Walter Russell Mead

Walter Russell Mead
Walter Russell Mead
  • Born: June 12, 1952
  • Nationality: American
  • Profession: Academic









Quote Topics Cited
Although war cannot be ended, wars can. War & Peace
Americans change religions frequently, and most Americans have friends or family in religious groups other than their own…. Americans remain religious while growing increasingly tolerant. Religion & God
Foreign policy mandarins often wish the public would leave them alone so that they can get on with the serious business of statecraft. Foreign Policy, World & International Affairs
Free trade is the result of prosperity rather than the cause of prosperity .... Without growth over a long period of time you will not have a political commitment to free trade. Development & Growth
In order to have the benefits of free trade, you must have full employment in the trading countries. Foreign Trade
Jacksonian common sense does not give much weight to the concept of disproportionate force, believing that if you are attacked, you have the right and even the duty to respond with overwhelming force until the enemy surrenders. Defense & National Security
Jacksonianism [populism] is always an important force in American politics; at times of social and economic stress and change … its importance tends to grow. Reform, Change, Transformation & Reformers
Like it or not, the United States is a revolutionary power. Whether the government is trying to overthrow foreign dictators is almost irrelevant. American society is about the most revolutionary force on the planet. The Internet is more subversive than the CIA in its prime. The dynamism of American Society is constantly creating new businesses, new technologies, new ideas and new social models. These innovations travel, and they make trouble when they do. Reform, Change, Transformation & Reformers
Like Samson in the temple of the Philistines, a collapsing U.S. economy would inflict enormous, unacceptable damage on the rest of the world. Economics, The Economy & Fiscal Affairs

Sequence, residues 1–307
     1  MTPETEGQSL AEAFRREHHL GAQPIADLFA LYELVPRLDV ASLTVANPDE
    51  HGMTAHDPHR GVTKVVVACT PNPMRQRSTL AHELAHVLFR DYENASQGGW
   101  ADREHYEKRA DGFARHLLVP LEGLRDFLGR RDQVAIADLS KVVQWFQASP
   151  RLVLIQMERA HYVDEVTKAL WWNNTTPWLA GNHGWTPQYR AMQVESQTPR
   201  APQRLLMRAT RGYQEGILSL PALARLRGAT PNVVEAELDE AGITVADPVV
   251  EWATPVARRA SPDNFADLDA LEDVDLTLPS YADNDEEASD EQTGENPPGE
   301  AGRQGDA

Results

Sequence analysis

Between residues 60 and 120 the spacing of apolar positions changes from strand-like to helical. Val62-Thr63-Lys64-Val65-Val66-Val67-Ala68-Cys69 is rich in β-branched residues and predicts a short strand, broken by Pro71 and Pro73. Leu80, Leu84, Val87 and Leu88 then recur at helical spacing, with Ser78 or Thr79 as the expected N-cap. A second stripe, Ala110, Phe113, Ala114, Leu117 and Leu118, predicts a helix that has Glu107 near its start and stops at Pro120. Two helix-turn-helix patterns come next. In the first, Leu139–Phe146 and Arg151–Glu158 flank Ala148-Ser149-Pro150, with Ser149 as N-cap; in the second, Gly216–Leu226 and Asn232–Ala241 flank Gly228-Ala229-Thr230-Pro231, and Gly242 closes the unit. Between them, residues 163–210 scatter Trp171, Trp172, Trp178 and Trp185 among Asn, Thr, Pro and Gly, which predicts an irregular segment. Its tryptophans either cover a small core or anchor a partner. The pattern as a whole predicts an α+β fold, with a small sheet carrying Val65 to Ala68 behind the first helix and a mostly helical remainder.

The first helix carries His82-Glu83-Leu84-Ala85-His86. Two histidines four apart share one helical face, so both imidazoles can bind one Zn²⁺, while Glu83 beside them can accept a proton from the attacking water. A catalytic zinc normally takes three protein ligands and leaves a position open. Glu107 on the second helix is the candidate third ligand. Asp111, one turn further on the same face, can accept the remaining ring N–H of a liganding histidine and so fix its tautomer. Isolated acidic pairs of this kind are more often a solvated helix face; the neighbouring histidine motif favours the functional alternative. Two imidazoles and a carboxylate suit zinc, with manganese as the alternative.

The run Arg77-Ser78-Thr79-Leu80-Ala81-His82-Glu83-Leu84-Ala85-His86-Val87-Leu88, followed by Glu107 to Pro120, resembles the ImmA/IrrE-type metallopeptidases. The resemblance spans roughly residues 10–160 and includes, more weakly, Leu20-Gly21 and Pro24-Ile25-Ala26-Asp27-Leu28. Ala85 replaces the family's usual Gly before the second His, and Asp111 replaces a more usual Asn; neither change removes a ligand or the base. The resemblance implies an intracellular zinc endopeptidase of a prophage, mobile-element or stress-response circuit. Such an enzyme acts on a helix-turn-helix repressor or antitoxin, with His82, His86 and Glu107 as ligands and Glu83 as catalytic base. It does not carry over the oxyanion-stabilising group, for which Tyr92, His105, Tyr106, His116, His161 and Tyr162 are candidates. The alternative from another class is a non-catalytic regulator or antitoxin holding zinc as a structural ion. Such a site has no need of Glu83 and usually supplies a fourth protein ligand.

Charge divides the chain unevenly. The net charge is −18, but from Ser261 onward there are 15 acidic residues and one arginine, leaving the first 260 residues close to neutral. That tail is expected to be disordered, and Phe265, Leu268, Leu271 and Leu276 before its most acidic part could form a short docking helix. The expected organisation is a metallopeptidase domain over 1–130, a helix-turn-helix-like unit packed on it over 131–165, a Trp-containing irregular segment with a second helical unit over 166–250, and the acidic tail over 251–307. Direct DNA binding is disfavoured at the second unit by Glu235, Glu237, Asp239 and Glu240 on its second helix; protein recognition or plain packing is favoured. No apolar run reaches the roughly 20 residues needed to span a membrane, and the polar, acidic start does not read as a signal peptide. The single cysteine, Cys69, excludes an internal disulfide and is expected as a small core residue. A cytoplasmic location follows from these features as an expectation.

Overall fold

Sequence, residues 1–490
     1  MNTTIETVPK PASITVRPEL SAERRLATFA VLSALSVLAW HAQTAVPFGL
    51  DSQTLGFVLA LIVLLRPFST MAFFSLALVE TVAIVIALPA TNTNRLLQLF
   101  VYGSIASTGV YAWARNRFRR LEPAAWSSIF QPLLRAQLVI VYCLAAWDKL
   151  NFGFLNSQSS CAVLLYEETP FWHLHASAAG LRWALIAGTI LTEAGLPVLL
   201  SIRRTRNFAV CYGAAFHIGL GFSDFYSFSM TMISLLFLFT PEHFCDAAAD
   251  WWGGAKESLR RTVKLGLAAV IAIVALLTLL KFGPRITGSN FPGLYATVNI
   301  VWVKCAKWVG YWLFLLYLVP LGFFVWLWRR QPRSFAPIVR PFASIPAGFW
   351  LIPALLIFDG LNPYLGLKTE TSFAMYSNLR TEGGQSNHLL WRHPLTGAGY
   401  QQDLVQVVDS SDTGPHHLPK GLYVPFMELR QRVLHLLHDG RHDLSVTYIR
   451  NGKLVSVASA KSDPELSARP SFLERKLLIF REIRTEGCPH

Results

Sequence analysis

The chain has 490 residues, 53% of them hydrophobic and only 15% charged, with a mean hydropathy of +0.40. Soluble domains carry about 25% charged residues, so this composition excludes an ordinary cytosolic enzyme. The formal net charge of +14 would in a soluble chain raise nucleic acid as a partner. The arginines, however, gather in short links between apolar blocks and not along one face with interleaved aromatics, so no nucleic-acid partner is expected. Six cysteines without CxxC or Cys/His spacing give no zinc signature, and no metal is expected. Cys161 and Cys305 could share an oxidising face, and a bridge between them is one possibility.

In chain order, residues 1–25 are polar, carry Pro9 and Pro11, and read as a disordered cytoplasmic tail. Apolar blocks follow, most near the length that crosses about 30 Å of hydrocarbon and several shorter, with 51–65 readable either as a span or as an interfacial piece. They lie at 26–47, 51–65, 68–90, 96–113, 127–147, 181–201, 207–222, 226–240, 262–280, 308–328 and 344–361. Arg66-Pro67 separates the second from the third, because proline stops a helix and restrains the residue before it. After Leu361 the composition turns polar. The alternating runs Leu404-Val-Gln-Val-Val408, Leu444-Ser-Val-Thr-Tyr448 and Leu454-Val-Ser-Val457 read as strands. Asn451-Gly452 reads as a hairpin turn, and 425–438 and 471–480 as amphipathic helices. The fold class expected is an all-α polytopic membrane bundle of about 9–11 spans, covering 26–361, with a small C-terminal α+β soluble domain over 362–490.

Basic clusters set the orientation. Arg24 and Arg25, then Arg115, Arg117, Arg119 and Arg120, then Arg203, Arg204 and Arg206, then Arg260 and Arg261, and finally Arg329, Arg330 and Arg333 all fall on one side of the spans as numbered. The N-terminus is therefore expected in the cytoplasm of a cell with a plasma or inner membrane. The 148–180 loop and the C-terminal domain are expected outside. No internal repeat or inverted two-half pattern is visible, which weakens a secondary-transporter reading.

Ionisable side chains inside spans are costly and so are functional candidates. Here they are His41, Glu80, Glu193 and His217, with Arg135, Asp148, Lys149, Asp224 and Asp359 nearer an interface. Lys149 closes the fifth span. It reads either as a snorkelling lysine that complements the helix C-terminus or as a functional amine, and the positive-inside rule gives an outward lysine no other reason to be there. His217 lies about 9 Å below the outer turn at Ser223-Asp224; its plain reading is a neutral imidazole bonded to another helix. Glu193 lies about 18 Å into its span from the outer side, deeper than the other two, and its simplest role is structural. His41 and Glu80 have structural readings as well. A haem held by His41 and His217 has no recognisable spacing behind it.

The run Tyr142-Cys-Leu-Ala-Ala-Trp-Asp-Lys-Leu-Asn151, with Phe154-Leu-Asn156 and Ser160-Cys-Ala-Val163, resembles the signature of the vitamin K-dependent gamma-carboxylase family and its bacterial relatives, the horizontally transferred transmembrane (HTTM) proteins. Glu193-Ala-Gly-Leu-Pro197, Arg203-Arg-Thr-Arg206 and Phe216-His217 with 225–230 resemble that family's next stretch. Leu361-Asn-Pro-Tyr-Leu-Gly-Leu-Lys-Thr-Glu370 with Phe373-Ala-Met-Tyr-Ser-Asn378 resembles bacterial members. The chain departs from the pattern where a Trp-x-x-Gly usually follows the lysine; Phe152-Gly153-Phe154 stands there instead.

Maybe we’ve done the best thing but sometimes have done it in the worst way. Foreign Policy, World & International Affairs
Nationalism is the most powerful force on earth today. States. Nations & Nationhood
Nigeria may have contained Ebola, but keeping Boko Haram from establishing an Islamic State will be a hard and bloody fight. Terrorism
Once nations get emotional, their relationships can change at bewildering speed. Foreign Policy, World & International Affairs
The important decisions of the country are being made by a smaller and smaller group in the White House…. The Executive Branch has lost the ability to use the resources that are there [The Civil Servants]. Management & Managing Government
The mainline Protestant churches were historically the center of gravity of the U.S. political, cultural, and intellectual establishment. Their collapse in the past five decades is one of the most important changes the United States has undergone in the contemporary era, but there has been little serious thought about its meaning. Religion & God
The rejection of the scientific consensus on climate change is one of the many examples of populist revolt against expert consensus in the United States today. Public Opinion & Polling